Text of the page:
Monday, February 11, 2008

Artist: Paul Feeley Newsletter


The Paul Feeley show opened last weekend at the BenningtonMuseum and has already gotten quite a good buzz!Please see the curator's (Jamie Franklin) piece on Feeley on their website under current special exhibitions.

Historical info:
I recently came across this little old review of a show at the Betty Parson's Gallery:PAUL FEELEY ,Parsons, 24 West 57th."My own notion of art," claims Bennington Art Professor Feeley, "has to do with something that has presence but isn't unduly urgent, that brings you to it rather than projects itself upon you." His sensuous colors don't scream for attention, but they are thoroughly seductive once they get it. Fifteen works in plastic paint on unsized canvas. Through Nov. 21.

One way to guage Feeley's popularity is to see his influence on current contemporary artists, . Martin's paintings are investigations in color, formand texture, ranging from bold and graphic to gestural and expressionistic. Their surfaces are often distressed or collaged with elements including shellacked Wonder Bread, broken vinyl records and papier mache forms. Martin is deeply engaged withthe history of abstraction, and many of his own paintings incorporate homages to artistic influencessuch as Paul Feeley, Yayoi Kusama and Alfred Jensen. Martin has described his art as turning up the volume of painting and many of his works refer tomusicians including Miles Davis, John Coltrane and the Godfather of Soul: James Brown

PTF Signature Work Please see an image of one of Feeley's signatureworks. The National Gallery of Art in Washington D.C.owns one "edition" of the "Jack". Bennington College owns the other edition (currently on display at theBennington Museum).Paul Feeley believed that art was "the translation ofthree dimensions into two and of two into three." Jack is an abstract sculpture derived from Feeley's brightly colored paintings of undulating, symmetricalforms. It evokes a human figure standing on tiptoe andreaching out into all dimensions of space, like aballerina on point or a little girl flinging her armsout and twirling "just for the fun of it." The pointsand curves in the sculpture create new shapes from thespaces around them, making us see the room in a newway. Jack embodies Feeley's conviction that art shouldbe playful, imaginative, and accessible to people ofall ages. The sculptor hoped that his works wouldencourage viewers to "ease off" and take life lessseriously (Brockway, "Personalities of Painters in the'40s: Feeley, Knaths & Holt," Bennington Quadrille,February 1985).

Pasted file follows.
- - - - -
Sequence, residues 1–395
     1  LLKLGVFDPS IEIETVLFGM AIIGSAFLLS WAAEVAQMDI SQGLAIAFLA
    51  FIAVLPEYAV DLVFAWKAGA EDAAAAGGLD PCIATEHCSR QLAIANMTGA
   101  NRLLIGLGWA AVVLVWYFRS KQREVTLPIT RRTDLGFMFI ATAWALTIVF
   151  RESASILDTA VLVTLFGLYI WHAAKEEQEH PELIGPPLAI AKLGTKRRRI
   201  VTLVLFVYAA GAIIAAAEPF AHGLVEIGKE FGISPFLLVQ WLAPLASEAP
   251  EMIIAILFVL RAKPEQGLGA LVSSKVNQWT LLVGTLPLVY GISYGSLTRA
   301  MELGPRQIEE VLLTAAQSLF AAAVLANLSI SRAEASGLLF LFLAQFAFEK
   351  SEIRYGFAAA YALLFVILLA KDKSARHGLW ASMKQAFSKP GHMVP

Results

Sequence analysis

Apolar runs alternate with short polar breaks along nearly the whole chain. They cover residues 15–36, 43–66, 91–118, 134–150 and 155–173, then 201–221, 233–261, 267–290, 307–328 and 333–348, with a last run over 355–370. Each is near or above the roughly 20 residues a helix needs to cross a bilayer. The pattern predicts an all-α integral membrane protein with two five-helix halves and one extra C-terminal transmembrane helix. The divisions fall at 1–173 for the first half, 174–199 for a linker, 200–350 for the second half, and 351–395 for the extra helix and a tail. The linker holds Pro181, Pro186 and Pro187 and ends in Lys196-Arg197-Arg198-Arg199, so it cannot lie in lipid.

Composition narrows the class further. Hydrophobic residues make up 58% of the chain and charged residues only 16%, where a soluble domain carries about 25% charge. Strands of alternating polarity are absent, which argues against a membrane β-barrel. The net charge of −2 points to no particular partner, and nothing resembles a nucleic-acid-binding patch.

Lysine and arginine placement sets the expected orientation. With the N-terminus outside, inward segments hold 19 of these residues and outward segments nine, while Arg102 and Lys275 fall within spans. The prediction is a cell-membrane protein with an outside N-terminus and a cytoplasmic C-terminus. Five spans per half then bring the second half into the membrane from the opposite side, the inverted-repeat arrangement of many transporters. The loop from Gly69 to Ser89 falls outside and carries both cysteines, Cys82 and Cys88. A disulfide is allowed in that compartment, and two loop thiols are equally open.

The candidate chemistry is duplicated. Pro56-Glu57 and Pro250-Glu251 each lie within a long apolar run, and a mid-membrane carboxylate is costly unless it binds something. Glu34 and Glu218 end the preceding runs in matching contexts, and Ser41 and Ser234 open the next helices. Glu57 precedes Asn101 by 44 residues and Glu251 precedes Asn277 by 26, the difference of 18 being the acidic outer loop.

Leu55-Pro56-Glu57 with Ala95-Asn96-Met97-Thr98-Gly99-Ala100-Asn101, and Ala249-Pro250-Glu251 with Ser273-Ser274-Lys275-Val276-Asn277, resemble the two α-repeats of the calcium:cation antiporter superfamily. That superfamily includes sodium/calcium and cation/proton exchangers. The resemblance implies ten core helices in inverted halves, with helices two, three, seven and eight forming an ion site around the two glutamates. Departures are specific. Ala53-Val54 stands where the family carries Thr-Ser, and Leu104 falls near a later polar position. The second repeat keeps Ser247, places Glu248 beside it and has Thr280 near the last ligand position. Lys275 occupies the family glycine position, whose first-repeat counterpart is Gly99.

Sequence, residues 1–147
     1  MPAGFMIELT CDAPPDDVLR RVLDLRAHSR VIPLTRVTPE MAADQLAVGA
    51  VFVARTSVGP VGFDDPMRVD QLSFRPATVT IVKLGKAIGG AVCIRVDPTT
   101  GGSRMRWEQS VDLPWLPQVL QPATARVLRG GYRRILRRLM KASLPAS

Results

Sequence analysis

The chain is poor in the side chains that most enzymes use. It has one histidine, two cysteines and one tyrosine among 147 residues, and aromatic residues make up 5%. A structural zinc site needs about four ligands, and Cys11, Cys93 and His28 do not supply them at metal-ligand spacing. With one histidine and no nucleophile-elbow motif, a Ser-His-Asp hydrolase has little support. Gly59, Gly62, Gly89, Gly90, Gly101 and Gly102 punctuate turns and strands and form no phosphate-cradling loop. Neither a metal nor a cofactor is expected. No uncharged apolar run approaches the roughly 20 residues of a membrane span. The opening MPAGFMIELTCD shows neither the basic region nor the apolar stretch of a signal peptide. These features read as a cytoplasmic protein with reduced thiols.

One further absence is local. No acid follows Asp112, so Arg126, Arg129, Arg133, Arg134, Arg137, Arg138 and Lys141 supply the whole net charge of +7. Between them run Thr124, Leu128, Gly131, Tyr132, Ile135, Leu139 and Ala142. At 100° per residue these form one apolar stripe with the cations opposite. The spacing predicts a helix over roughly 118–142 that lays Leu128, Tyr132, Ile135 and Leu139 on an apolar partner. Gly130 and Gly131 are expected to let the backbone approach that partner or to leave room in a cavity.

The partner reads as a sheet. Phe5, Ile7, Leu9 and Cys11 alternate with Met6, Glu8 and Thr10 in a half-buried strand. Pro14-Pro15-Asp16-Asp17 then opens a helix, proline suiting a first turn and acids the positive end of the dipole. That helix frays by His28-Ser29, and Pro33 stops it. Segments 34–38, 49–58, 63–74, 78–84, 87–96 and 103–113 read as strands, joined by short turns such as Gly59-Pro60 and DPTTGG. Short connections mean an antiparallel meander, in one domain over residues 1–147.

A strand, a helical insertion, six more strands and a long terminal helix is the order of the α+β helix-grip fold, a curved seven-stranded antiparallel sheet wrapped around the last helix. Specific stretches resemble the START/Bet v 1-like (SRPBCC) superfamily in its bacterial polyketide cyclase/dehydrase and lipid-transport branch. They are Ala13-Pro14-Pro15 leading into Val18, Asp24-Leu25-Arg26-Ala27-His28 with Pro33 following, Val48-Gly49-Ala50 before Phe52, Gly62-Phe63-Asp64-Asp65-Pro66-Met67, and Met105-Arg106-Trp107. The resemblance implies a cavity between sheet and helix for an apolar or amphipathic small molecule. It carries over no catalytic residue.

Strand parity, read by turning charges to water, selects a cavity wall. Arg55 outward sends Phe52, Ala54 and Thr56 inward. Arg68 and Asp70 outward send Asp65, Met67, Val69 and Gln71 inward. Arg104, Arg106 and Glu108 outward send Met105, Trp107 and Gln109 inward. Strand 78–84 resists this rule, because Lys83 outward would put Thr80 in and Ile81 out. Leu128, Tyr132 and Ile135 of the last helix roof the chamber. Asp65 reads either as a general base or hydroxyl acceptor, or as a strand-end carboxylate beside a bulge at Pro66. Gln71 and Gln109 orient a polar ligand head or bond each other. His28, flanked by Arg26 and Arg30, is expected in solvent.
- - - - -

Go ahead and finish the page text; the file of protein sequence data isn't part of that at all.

Recent Blog references:
along with huxley, i saw a lot of paul feeley (whom matthew marks recently put back on artists' radars)and another british painter from the late 60's, robyndenny. i really wonder why it is that at this particular moment in time, the flat spare abstractionfrom the mid 60's and 70's has returned to painting,with, unfortunately, none of the substance, and all ofthe style.
Readers of this blog know I've been on a Nemerov jagof late since discovering his collected poems on the Chesapeake a few weeks back. Finding this presentvoice speaking to me on this trip was a delight. Interestingly enough, the current owners of the RobertFrost house, have a framed piece in the entryway that's based largely on Nemerov's stunning "ThePainter Dreaming In The Scholar's House." So we had to read this poem written for Paul Klee and Paul Feeley aloud in its complete form. A few selections:

For such a man, art is an act of faith:
Prayer the study of it, as Blake says,
And praise the practice; nor does he
Making from teaching, or from theory.
The three are one, and in his hours of art
There shines a happiness through darkest
As though spirit and sense were not at
That there should be much goodness in
the world,
Much kindness and intelligence, candor
and charm,
And that it all goes down in the dust
after a while,
This is a subject for the steadiest
Of the heart and mind, as for the tears
That clarify the eye toward charity.
So may it be to all of us, that at some
In this bad time when faith in study seems
to fail,
And when impatience in the street and
still despair at home
Divide the mind to rule it, there shall
some comfort come
From the remembrance of so deep and
clear a life as his.
Beautiful work. for Art at Bennington College
Paul Feeley wrote this Bennington Art Policy for Bennington College in October, 1959. Having studied art at Bennington, I can now see why and how I was allowed to learn and grow in the way I did. This is great.

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